Engaging in self-analysis and open critique to advance conversations on race
By Nina Weissberg, Trustee, The Weissberg Foundation on December 19, 2016

In early December, I participated in another terrific Washington Regional Association of Grantmakers training from the Putting Racism on the Table series; this one focused on white-identifying people having conversations amongst themselves about race.


Unpacking the carry-on bag of bias: My reflections on WRAG’s “Responding to Comments that are Implicitly Biased: Guidance for African-Americans” training
By Manon P. Matchett, Community Investment Officer, Strategic Initiatives, The Community Foundation for the National Capital Region on December 13, 2016

WRAG’s recent training, “Responding to Comments that are Implicitly/Unconsciously Biased: Guidance for African-Americans,” was a curbside check-in experience for me.


Keeping Racism on the Table
By Rick Moyers, Vice President, Programs & Communications of the Eugene & Agnes E. Meyer Foundation on November 8, 2016

Growing up in rural and small-town Virginia in the late 1960s and early 1970s, I was introduced to the concept of race and racism at a very early age.


A message from the president of the National Civil Rights Museum: Why funders must continue to put racism on the table
By Terri Lee Freeman, President, National Civil Rights Museum, Former President, Community Foundation for the National Capital Region, Former Chair, WRAG Board of Directors on October 11, 2016

 The work that WRAG has taken on through the Putting Racism on the Table initiative is nothing short of groundbreaking. You see, the truth is most grantmakers tend to be very politically correct. As grantmakers we (yes I recognize I am no longer a part of your number, but humor me) tend to want to make people feel good.


Revealing truth through art
By Marcela Brane, President/CEO, The Herb Block Foundation on June 20, 2016

The Herb Block Foundation was asked by Tamara Lucas Copeland to comment on the Foundation’s annual Herblock Prize winner for Editorial Cartooning, specifically on the “Racist EZCash” cartoon shown here.


Putting Racism on the Table: How I was affected
By Julie Wagner, Vice President, Community Affairs at CareFirst and Terri Copeland, Senior Vice President and Territory Executive, Community Development Banking, East PNC Bank on June 13, 2016

Could there have been a better time for WRAG’s Putting Racism on the Table series? With tragic events across the country highlighting racial bias and injustice, and national political discourse rife with bigoted remarks – it’s clear that conversations about racism and how to address it must continue at every level.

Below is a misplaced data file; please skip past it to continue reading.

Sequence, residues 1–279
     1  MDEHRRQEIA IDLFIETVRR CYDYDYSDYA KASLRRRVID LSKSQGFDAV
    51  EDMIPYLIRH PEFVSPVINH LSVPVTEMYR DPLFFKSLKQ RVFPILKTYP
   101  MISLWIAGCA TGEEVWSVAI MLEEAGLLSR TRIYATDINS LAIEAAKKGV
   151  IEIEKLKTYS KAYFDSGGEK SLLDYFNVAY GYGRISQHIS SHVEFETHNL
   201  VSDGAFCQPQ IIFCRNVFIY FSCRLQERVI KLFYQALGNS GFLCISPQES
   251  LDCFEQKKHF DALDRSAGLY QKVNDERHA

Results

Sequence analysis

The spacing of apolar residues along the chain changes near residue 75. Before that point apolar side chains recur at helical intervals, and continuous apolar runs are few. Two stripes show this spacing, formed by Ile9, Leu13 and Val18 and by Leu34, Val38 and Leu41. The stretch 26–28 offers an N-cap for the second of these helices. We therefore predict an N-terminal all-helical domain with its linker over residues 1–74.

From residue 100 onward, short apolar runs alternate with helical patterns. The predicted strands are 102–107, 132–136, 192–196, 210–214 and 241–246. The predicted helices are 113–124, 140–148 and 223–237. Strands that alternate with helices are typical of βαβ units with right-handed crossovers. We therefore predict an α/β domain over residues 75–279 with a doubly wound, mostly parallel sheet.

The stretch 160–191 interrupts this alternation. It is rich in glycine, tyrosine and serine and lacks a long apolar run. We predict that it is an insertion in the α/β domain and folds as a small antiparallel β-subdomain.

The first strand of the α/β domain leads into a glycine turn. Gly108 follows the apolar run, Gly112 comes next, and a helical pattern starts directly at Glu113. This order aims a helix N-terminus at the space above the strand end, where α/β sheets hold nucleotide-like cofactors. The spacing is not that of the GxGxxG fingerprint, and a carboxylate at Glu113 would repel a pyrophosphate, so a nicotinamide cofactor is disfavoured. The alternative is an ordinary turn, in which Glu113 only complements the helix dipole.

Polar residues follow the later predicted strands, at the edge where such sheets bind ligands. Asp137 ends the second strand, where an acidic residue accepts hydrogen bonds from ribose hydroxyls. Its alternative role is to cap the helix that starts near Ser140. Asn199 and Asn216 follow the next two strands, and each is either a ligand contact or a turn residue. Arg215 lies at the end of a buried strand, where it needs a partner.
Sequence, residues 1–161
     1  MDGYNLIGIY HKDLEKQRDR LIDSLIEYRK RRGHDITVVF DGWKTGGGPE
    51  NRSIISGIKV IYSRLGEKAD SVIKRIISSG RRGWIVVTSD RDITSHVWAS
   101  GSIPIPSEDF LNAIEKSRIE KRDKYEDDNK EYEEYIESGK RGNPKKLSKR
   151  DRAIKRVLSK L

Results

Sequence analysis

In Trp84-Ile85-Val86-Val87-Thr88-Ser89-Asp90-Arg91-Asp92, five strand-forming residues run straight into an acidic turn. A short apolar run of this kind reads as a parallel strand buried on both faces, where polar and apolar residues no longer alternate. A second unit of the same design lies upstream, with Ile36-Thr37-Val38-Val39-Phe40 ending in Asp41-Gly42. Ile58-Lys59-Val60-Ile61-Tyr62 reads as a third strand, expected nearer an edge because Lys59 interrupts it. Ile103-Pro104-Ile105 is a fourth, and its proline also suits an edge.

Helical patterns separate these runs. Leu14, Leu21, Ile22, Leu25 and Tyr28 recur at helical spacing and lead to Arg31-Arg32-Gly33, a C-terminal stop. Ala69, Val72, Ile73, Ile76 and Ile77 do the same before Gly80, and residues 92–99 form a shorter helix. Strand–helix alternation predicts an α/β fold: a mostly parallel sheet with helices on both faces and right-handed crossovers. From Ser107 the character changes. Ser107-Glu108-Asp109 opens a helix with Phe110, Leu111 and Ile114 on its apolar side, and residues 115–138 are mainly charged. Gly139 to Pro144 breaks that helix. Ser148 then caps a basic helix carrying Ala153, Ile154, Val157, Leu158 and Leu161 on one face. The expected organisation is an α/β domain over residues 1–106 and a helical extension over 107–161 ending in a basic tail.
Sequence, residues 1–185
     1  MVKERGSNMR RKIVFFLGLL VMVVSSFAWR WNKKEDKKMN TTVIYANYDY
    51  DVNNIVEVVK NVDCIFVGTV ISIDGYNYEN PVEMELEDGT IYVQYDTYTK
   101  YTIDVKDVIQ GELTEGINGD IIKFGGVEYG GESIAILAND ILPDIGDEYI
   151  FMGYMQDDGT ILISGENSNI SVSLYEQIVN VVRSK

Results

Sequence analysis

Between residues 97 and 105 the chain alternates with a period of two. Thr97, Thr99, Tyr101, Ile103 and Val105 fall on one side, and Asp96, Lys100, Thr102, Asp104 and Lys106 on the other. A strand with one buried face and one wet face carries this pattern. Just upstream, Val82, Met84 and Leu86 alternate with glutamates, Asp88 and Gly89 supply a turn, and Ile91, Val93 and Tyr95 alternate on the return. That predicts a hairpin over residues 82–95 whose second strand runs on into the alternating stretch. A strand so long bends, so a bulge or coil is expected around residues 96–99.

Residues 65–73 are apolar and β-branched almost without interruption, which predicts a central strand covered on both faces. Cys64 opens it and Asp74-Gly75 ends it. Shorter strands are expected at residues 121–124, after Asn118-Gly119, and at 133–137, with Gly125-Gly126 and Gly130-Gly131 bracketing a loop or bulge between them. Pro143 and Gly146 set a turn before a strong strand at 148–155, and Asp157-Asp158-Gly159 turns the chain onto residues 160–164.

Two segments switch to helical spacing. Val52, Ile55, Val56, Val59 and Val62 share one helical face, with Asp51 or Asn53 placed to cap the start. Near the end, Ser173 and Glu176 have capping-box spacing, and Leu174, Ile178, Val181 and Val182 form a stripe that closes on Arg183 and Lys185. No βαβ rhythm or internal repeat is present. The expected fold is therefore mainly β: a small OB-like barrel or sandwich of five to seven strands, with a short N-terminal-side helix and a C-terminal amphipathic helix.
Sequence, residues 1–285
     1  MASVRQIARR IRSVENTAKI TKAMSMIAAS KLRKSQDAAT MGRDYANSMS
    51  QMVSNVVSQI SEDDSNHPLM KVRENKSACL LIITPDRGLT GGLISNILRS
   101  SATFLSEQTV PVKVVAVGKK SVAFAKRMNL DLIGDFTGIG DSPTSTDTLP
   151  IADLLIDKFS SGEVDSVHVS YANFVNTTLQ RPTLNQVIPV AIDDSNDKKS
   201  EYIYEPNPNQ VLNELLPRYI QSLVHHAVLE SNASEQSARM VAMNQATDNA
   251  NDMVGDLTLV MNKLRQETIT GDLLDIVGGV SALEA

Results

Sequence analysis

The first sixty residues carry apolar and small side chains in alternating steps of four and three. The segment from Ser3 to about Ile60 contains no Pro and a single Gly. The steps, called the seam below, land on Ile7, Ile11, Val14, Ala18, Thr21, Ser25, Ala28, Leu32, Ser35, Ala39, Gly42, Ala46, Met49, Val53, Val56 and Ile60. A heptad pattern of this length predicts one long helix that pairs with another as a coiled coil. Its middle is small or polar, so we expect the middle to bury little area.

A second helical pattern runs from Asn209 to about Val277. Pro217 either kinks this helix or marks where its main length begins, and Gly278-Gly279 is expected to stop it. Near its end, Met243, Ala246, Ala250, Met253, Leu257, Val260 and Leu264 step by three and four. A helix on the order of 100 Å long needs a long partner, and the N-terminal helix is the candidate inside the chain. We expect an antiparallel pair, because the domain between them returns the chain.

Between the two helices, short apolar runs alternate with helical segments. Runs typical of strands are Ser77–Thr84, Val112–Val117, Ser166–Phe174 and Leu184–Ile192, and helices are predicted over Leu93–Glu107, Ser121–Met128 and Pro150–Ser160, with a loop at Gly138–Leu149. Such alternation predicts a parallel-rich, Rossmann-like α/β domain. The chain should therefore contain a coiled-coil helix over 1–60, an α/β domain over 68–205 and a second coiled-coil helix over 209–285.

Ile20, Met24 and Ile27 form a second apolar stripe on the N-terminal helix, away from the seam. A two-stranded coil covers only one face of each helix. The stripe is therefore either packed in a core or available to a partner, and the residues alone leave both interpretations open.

Creating Meaningful Impact/Creando un impacto significativo
By By Silvia Salazar, Board Member, Consumer Health Foundation on May 19, 2016

 “Why is it that we are not as healthy as white people? Why?” Mamá repeatedly murmured in Spanish as she drifted in and out of consciousness. She was in the ICU recovering from lung surgery. I did not know what to say.


When mass incarceration hits home
By Graham McLaughlin, Managing Director, The Advisory Board Company (a WRAG member), and Anthony Pleasant, Owner, Pleasant Assembly on April 25, 2016

 Today, Graham McLaughlin, a managing director for The Advisory Board Company and supporter of Clean Decisions (a local business helping returning citizens transition from prison to outside life), and business owner and former Clean Decisions employee Anthony Pleasant, candidly share their respective experiences with navigating the justice system and discuss the challenges still facing returning citizens once they have served their time.


Reflections on implicit bias
By Missy Young, Board Chair, and Dara Johnson, Lead Staffer
The Horning Family Fund on March 24, 2016

WRAG’s Putting Racism on the Table learning series has provided me with an opportunity to build on my personal experiences and to develop new directions in my work with the Horning Family Fund.


Reflections on being white
By Rose Ann Cleveland, Executive Director of The Morris & Gwendolyn Cafritz Foundation on February 25, 2016

Most of my childhood, I lived in Greensboro, North Carolina. I was in first grade on February 1, 1960, when the four students from NC A&T State University sat-in at the downtown Woolworth’s lunch counter; yet, I don’t remember learning about this important historical moment until much later.


How we’re “Putting Racism on the Table”: The Meyer Foundation
By Nicky Goren, President and CEO, and Josh Bernstein, Board Chair of The Eugene & Agnes E. Meyer Foundation on February 1, 2016

We are working to create a space for dialogue – both internally and externally – through which we can better understand the systems that perpetuate inequity and how we can dismantle them.